Neuropsychological development of late preterm infants and early term infants at the age of 1 year: a follow-up study
Liang, J.-J.; Hu, Y.; Xing, Y.-F.; Lin, S.-F.; Song, Y.-Y.
Zhongguo Dang Dai Er Ke Za Zhi 22(7): 706-710
ISSN/ISBN: 1008-8830 PMID: 32669165 Accession: 072198489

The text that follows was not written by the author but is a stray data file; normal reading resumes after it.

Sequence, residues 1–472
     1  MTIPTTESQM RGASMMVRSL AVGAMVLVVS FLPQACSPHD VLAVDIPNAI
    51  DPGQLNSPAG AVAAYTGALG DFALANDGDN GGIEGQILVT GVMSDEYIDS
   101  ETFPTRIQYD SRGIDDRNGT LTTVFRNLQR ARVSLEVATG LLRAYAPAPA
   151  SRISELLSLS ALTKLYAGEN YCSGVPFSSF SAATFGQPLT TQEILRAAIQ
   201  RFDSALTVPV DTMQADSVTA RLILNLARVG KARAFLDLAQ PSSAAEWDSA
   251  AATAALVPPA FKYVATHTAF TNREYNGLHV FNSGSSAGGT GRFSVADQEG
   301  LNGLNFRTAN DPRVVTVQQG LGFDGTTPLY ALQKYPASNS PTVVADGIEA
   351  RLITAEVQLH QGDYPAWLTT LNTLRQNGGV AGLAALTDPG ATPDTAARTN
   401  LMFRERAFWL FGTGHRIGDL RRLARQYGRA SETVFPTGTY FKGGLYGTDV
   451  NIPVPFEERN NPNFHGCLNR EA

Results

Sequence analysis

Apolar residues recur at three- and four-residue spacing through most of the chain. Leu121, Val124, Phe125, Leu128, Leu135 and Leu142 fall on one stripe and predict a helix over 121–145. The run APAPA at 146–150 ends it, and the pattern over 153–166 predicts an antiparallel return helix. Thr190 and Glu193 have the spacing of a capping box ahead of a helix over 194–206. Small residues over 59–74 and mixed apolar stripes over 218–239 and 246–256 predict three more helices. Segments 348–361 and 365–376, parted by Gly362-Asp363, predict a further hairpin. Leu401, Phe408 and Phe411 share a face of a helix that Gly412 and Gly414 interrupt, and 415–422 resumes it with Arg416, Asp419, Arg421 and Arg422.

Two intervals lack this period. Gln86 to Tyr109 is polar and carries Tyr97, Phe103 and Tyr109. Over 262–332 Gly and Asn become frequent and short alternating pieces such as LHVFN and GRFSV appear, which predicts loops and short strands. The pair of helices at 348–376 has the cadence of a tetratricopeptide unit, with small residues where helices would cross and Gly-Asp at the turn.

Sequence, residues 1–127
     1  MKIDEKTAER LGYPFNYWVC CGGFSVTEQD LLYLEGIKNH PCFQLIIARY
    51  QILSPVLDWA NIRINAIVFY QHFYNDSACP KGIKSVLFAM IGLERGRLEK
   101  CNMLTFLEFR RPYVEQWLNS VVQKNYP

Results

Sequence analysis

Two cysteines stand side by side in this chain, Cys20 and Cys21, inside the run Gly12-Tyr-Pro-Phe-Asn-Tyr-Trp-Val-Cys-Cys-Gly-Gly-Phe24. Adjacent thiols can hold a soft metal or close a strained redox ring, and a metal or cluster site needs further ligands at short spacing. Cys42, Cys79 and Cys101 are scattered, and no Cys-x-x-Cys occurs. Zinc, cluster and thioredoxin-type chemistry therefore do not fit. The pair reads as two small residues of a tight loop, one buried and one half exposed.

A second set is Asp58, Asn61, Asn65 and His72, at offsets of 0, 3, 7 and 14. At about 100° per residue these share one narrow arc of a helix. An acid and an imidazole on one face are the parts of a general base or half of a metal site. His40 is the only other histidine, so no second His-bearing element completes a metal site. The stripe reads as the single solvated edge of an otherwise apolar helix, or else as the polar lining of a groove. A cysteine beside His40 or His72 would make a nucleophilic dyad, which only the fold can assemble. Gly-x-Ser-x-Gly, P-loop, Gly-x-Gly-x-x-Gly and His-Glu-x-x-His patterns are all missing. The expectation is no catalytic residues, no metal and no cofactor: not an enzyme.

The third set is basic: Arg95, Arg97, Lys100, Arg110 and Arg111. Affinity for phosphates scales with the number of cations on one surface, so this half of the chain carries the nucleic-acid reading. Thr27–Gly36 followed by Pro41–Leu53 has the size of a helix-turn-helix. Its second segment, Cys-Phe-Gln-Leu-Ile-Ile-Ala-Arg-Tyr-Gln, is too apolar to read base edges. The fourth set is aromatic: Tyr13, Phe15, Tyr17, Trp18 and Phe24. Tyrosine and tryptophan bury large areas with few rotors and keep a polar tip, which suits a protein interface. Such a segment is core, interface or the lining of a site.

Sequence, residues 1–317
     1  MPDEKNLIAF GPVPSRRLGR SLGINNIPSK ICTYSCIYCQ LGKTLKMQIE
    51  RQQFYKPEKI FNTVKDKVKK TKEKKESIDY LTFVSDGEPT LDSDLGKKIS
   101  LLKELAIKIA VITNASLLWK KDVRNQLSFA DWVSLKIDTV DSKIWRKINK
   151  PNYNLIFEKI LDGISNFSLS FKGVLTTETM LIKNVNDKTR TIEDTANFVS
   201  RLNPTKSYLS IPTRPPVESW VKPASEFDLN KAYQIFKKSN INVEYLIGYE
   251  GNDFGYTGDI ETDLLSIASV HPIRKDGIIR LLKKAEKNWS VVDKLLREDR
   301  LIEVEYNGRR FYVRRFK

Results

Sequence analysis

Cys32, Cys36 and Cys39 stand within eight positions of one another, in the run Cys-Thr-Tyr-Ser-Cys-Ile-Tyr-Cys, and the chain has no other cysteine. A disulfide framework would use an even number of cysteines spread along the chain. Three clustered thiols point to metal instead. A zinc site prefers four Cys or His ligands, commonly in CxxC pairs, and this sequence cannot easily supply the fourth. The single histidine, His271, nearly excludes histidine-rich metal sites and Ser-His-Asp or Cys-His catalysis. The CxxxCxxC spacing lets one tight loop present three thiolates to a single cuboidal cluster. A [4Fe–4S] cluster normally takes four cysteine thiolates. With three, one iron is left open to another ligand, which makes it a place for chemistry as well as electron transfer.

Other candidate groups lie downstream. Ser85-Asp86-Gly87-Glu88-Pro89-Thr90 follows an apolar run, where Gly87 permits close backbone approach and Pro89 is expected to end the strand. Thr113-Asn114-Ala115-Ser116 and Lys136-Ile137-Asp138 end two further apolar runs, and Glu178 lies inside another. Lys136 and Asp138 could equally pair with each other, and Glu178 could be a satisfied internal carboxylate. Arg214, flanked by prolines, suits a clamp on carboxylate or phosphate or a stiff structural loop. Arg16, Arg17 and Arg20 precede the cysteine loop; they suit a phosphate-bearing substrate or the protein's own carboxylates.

To study the level of neuropsychological development in late preterm infants and early term infants at the age of 1 year. A total of 1 257 children with a corrected age of 1 year were enrolled as subjects. According to gestational age at birth, they were divided into an early preterm group (28-33+6 weeks), a late preterm group (34-36+6 weeks), an early term group (37-38+6 weeks), and a full-term group (39-41+6 weeks). Gesell Developmental Schedules were used to assess the neuropsychological development of the children, and the groups were compared in terms of neuropsychological development at the age of 1 year. There were significant differences in the developmental quotients of the five functional areas (adaptability, gross motor, fine motor, language and social ability) between the four groups at the age of 1 year (P<0.05), and the full-term infants had the highest development quotients, followed by the early term infants, the late preterm infants, and the early preterm infants (P<0.05). The full-term infants had the lowest rate of developmental delay in each functional area, while the early preterm infants had the highest rate (P<0.05). Compared with the full-term infants, the early term infants had a higher risk of developmental delay in adaptability (OR=1.796, P<0.05), and the late preterm infants had a higher risk of developmental delay in adaptability (OR=2.651, P<0.05) and fine motor (OR=2.679, P<0.05), while the early preterm infants had a higher risk of developmental delay in adaptability (OR=4.069, P<0.05), fine motor (OR=3.710, P<0.05), and social ability (OR=3.515, P<0.05). The risk of neuropsychological developmental delay decreases with the increase in gestational age in children at the age of 1 year, with a dose-response effect. There are varying degrees of developmental delay in early term infants and late preterm infants, and health care follow-up for early term infants and late preterm infants should be taken seriously.